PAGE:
You’ve spent months, perhaps years, slaving over your latest novel. It’s perfect. Not a single typo has been spared through your dozens of revisions, and you have had multiple critique partners help whip your manuscript into shape. Now it’s time to dust off that query letter that was more difficult to write than the book, and send your work out to the world.
You’re feeling good. On top of the world. This is it. Your time. Your chance. Your novel is finally going to be published.
In comes rejection letter number one.
That’s okay. That’s one agent’s opinion. Your book wasn’t for them. Someone else is sure to love it.
Nine rejection letters later.
Do you continue sending your work out? Is it really just those agents who aren’t interested? Or is there something wrong with the material you’re sending out?
More than likely, if the agents didn’t even ask for sample pages, it’s your query that needs work, not your novel (though that might need work, too.)
First, are you personalizing your queries? Have you taken the time to research each agent you query? Make sure they’re interested in your genre and look into their recent sales and clients. Add some tidbits and connections into your letter (not more than a few sentences, at most) to show there’s a reason you’re querying this agent. Show that they’re the right person for your project and not just another name to cross off a list.
Second, did you have someone who hasn’t read your novel look over your query before you sent it out? It’s easy to say it makes sense when you know the story inside and out, but for someone who has never read the story, your query could make very little sense—an immediate turn off for agents. Make sure your summary is crisp and clear. Simplify it enough to make it enticing and fast to read, but still make sense. You don’t want the agent sitting there asking, “Wait, what was the motivation?” Or, “Why are there so many characters introduced in the query?” Or worst of all, “This doesn’t seem to have a plot!”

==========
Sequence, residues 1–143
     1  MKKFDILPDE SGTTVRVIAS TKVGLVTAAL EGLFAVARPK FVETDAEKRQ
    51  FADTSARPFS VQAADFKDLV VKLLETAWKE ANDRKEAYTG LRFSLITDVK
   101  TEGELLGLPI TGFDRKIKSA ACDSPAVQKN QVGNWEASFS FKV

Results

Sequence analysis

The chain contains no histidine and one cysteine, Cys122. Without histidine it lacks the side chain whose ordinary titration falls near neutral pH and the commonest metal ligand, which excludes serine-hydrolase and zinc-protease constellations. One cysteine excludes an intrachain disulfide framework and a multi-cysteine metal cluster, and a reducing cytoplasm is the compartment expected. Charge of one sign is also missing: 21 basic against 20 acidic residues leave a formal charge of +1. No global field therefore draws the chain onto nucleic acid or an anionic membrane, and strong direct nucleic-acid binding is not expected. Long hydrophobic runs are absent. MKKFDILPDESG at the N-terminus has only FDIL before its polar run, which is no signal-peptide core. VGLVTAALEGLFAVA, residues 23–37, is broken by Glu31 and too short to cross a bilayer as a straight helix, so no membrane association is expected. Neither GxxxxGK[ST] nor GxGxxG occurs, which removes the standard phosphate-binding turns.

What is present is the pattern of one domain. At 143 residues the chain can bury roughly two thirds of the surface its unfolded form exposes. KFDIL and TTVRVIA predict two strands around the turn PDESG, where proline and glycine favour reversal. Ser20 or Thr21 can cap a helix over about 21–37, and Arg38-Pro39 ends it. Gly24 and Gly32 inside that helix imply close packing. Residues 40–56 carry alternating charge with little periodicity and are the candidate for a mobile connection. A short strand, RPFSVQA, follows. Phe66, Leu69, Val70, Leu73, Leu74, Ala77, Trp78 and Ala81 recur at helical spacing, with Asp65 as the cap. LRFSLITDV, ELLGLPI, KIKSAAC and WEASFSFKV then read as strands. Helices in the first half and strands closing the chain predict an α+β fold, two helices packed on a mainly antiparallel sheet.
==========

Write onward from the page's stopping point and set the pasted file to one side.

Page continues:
Third, did you and someone else (and another someone else, and another) proofread your letter? Typos and grammatical mistakes are a big no-no. You should take this letter as seriously as your novel. Mistakes in such a short letter reflect your book. If it’s littered with small mistakes, the agent is going to assume your novel is, too.
Do you have any other query mistakes to add? Let me know what you think in the comments.
And best of luck to anyone who is going through this process. I hope you find the right agent for your work!
- Writing Advice #3: The Time-Sucking Query Letter (or The Importance of Speaking Portuguese) (jonathanjanz.com)
- The Query Letter (readfulthingsblog.com)
- Query letters: Your novels dating profile. (tyviner.wordpress.com)
- 23 Literary Agent Query Letters That Worked (mediabistro.com)
- Five things you should know about query letters (wordsandpicturesbj.wordpress.com)
- How I Nabbed An Agent (sonjahutchinson.wordpress.com)